Men are the only the ones allowed to drive in this country, and unless you are married to the driver, all women must ride in the back seat. Once you have experienced what the roads are like here, you may find (as I did) that you are glad that you don’t have to drive in the chaos, which I think rivals that of than Manhattan driving. It seems as though driving rules are mere guidelines and lines on the pavement are just suggestions.
I’m sure that some things will take some time get used to. In America, eye contact is considered a common courtesy, however in Saudi a lack of eye contact is a sign of respect and humility. I need to keep reminding myself of that when I catch myself staring out of curiosity, familiarity, and the desire for connection. Five times a day (starting at 5am) the speakers lining the streets of Riyadh begin to hum with Arabic music and words, indicating that it is time for prayer. The shops close, the men retreat to their prayer rooms, and the city briefly shuts down for a moment of solace for the Muslim world. For me, it means carefully planning when I go to the store and who I interrupt.
Interestingly enough, wearing my abaya (a black robe used to cover the body from shoulders to ankles) is quite comfortable and takes away the very prominent display of fashion that litters the states and other countries. Although I slightly miss the freedom, it is oddly comforting to know that it does not matter what you are wearing, how tiny your waist is, if your shirt has a stain on it, or if you have some famous label or brand attached to your body. I found one with a trim of silver and find it to be distinctive enough to satisfy the ingrained sense of uniqueness that I have known for so long.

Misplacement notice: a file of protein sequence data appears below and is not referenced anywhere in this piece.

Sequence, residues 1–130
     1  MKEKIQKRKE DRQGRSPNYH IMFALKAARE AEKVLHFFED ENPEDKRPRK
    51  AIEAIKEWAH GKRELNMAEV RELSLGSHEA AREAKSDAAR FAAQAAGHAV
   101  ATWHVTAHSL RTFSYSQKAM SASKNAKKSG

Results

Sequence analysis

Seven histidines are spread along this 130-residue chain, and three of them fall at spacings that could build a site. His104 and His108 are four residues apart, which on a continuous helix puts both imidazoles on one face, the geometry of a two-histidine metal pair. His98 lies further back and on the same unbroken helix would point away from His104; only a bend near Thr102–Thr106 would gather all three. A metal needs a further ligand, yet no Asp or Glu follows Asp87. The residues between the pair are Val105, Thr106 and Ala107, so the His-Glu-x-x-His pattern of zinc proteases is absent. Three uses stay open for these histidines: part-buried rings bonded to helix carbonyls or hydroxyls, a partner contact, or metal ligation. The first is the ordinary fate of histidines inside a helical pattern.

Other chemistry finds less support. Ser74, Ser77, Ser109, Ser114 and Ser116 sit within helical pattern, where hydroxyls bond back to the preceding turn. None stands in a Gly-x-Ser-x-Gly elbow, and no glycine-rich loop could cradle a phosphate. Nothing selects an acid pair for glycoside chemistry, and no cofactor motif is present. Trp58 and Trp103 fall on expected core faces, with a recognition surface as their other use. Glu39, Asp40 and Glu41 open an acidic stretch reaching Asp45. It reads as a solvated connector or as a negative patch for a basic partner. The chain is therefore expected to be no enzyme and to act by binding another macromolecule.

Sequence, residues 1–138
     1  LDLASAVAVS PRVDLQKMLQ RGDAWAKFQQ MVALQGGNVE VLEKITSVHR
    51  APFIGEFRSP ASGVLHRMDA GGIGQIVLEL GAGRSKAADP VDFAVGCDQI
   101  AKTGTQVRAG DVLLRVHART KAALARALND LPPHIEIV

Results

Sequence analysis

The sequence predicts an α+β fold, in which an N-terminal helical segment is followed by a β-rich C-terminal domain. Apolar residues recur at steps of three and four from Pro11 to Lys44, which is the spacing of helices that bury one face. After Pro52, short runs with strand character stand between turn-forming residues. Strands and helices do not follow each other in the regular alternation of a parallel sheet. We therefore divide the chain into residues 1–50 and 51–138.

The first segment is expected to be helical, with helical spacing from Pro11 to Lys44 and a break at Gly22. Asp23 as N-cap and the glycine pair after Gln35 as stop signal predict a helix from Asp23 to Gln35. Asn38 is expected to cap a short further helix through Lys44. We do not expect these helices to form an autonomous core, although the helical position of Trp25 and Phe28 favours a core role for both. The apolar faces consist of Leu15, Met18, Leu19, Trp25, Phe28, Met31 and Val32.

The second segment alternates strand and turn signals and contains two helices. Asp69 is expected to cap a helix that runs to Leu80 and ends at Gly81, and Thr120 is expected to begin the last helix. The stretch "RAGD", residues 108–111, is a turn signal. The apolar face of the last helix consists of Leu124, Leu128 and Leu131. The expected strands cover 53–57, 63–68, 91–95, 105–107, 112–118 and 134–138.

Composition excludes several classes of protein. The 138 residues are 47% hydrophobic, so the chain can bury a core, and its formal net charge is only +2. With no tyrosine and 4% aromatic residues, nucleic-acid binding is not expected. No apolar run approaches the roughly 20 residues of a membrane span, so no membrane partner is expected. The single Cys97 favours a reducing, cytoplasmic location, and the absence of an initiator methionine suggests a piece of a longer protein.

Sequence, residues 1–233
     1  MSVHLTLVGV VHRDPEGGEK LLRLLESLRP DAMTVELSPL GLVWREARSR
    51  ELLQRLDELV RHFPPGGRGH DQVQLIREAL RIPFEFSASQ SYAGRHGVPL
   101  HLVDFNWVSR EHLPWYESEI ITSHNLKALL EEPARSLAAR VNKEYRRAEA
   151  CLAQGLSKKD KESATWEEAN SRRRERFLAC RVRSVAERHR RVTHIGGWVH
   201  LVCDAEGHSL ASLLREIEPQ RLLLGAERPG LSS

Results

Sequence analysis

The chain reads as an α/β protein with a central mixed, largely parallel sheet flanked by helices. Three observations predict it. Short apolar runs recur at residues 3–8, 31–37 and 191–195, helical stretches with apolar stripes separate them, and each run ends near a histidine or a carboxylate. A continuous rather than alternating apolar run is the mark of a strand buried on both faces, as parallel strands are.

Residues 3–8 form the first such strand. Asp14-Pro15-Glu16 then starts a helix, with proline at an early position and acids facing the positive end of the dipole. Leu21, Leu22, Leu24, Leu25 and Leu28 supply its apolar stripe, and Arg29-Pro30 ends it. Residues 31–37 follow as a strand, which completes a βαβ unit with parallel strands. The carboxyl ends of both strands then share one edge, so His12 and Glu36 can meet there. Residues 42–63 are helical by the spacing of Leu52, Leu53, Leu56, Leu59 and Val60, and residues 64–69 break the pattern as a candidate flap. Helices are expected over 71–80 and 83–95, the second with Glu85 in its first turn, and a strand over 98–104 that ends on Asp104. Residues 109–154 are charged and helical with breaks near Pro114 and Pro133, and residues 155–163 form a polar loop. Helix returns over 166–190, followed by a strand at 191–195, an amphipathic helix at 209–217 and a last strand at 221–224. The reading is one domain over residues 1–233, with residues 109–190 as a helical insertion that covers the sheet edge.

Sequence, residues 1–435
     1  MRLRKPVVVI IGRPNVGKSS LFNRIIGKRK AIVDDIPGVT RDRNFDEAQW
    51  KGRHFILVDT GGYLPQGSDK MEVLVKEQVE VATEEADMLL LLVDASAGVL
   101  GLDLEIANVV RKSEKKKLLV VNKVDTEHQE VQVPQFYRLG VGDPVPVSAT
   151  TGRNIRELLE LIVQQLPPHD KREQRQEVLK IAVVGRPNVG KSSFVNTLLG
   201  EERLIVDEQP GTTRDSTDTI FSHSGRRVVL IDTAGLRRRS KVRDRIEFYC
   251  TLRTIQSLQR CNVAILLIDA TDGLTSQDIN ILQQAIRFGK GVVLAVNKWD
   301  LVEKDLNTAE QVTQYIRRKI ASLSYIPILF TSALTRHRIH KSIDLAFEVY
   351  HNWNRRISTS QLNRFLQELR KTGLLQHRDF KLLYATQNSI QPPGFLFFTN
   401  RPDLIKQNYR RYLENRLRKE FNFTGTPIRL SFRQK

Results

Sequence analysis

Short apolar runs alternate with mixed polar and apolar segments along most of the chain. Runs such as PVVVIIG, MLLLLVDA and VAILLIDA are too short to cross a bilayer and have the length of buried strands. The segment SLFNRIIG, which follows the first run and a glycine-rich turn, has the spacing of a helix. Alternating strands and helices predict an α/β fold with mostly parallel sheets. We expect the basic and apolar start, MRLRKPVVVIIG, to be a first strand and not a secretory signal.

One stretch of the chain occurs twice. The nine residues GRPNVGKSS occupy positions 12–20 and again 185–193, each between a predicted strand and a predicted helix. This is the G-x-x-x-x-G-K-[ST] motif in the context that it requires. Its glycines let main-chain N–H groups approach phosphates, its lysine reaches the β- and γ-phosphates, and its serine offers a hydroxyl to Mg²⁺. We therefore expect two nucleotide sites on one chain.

While I definitely find it peculiar that there are no dressing rooms in stores for women to try things on (you have to purchase the item, go home, try it on, and either keep it or return it within three days of the purchase date), I also recognize that there is a method to this whole system that is deeply dependent on faith, culture, and tradition (all of which I will not be one to criticize).
Despite all of these interesting differences, I think the most prominent one for me is that of language. I was not offered that chance to learn a language in school until 7th grade; at which point I wasn’t too interested. In Saudi Arabia, like many other countries around the globe, children are taught not only their language of origin, but also English, and possibly another. There are people on my compound from Sri Lanka, The Philippines, Syria, Lebanon, and Jordan – all of whom speak more than one language. My neighbor has been teaching me pieces of French and Arabic, both of which she learned as a small child. I think (and hope) that this is something that Americans are beginning to understand and grasp. My nephew, Aaron, at two years old, already knows more Spanish than I do. After this experience, I can’t help but hope that he continues to learn it, even though it’s not offered in school at his age. Like me, I know there will come a time for him, when he wishes he knew more than just his native tongue.
I am sure that there will be a lot more adjusting, interpreting, and writing headed my way during this extraordinary opportunity. I can only hope that with each day that passes and with each frustration at not the knowing the language or the customs that I will remember to keep an open mind. (period)